19. The effect of spin induced magnetization on Jeans instability of viscous and resistive quantum plasma

    SciTech Connect

    Sharma, Prerana; Chhajlani, R. K.

    2014-03-15

    The effect of spin induced magnetization and electrical resistivity incorporating the viscosity of the medium is examined on the Jeans instability of quantum magnetoplasma. Formulation of the system is done by using the quantum magnetohydrodynamic model. The analysis of the problem is carried out by normal mode analysis theory. The general dispersion relation is derived from set of perturbed equations to analyse the growth rate and condition of self-gravitational Jeans instability. To discuss the influence of resistivity, magnetization, and viscosity parameters on Jeans instability, the general dispersion relation is reduced for both transverse and longitudinal mode of propagations. In the case of transverse propagation, the gravitating mode is found to be affected by the viscosity, magnetization, resistivity, and magnetic field strength whereas Jeans criterion of instability is modified by the magnetization and quantum parameter. In the longitudinal mode of propagation, the gravitating mode is found to be modified due to the viscosity and quantum correction in which the Jeans condition of instability is influenced only by quantum parameter. The other non-gravitating Alfven mode in this direction is affected by finite electrical resistivity, spin induced magnetization, and viscosity. The numerical study for the growth rate of Jeans instability is carried out for both in the transverse and longitudinal direction of propagation to the magnetic field. The effect of various parameters on the growth rate of Jeans instability in quantum plasma is analysed.

  20. Jeans instability of magnetized quantum plasma: Effect of viscosity, rotation and finite Larmor radius corrections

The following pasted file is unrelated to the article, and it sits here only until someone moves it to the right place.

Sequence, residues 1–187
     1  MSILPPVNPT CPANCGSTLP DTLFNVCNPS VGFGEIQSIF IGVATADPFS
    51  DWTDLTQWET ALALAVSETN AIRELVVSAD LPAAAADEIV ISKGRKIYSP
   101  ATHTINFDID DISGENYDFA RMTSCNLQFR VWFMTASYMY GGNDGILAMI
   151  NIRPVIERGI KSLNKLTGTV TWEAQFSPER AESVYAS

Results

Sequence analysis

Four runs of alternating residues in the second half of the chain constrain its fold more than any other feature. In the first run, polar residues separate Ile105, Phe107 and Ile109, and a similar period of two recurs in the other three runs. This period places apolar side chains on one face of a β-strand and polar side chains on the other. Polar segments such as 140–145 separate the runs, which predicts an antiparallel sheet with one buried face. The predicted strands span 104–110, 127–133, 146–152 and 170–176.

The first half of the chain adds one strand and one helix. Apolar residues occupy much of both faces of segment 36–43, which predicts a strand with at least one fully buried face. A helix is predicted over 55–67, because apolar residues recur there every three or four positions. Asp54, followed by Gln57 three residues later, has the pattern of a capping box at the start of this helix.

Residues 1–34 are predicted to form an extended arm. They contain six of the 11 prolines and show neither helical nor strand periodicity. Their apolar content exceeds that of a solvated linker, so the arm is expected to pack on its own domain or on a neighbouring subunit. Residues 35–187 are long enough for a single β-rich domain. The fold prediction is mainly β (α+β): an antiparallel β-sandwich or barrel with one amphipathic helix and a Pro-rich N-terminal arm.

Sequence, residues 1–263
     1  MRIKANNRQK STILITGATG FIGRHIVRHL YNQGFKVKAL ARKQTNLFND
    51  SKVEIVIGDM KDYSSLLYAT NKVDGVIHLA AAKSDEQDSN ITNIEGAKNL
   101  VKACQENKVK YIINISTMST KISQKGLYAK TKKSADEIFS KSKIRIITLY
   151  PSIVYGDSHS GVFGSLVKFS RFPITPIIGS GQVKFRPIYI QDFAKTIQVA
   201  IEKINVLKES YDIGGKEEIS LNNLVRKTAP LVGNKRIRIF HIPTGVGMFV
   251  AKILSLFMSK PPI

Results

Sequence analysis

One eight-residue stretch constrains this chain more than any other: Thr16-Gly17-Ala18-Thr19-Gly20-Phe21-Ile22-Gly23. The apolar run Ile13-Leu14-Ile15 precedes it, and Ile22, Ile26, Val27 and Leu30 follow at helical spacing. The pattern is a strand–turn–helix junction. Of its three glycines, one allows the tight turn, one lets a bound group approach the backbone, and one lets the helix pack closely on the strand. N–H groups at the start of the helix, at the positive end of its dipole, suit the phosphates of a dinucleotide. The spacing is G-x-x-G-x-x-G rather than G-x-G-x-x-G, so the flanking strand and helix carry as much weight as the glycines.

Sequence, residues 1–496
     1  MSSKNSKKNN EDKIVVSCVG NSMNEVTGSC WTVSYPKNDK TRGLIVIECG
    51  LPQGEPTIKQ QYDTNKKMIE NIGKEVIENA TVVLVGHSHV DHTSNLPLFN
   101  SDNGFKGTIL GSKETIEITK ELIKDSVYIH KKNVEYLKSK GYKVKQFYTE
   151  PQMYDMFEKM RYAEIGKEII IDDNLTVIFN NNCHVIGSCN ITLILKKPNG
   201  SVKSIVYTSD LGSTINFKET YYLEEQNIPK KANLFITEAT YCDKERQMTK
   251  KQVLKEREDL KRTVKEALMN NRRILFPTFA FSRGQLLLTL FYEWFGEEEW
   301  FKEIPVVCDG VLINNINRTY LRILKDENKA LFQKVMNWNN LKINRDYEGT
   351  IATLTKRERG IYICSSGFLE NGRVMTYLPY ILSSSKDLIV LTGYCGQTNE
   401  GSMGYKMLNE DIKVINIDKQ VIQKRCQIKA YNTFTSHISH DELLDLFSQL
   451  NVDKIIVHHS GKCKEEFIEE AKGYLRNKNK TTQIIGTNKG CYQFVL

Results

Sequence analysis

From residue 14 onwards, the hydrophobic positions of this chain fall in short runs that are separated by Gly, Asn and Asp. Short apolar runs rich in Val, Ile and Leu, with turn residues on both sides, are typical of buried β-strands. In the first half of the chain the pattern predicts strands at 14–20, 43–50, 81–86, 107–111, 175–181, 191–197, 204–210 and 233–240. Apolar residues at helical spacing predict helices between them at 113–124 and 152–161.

SciTech Connect

    Jain, Shweta Sharma, Prerana; Chhajlani, R. K.

    2015-07-31

    The Jeans instability of self-gravitating quantum plasma is examined considering the effects of viscosity, finite Larmor radius (FLR) corrections and rotation. The analysis is done by normal mode analysis theory with the help of relevant linearized perturbation equations of the problem. The general dispersion relation is obtained using the quantum magneto hydrodynamic model. The modified condition of Jeans instability is obtained and the numerical calculations have been performed to show the effects of various parameters on the growth rate of Jeans instability.

  1. In memory of Jean-François Stéphan

    NASA Astrophysics Data System (ADS)

    Blanchet, René

    2016-01-01

    This thematic issue of Comptes rendus Geoscience has been assembled to honor the memory of our late colleague and friend Jean-François Stéphan, whose remarkable scientific and community-directed activity has left a deep imprint on both the French and the International Earth Science communities. This volume brings together contributions of colleagues of Jean-François who were also close friends. Naturally, tectonics is the common theme of these contributions. Some of the papers presented here focus on tectonic questions and/or regions Jean-François worked on during his career; other papers present studies Jean-François motivated or encouraged in one way or another. Taken together, the papers of this thematic issue take the reader on a beautiful trip, from past to current tectonics.